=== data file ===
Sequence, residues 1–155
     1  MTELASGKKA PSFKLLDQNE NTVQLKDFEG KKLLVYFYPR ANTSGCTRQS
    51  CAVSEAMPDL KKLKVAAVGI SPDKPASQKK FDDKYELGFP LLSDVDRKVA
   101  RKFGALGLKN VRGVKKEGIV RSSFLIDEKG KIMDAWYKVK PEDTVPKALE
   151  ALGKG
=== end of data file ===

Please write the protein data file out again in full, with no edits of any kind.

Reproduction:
Sequence, residues 1–155
     1  MTELASGKKA PSFKLLDQNE NTVQLKDFEG KKLLVYFYPR ANTSGCTRQS
    51  CAVSEAMPDL KKLKVAAVGI SPDKPASQKK FDDKYELGFP LLSDVDRKVA
   101  RKFGALGLKN VRGVKKEGIV RSSFLIDEKG KIMDAWYKVK PEDTVPKALE
   151  ALGKG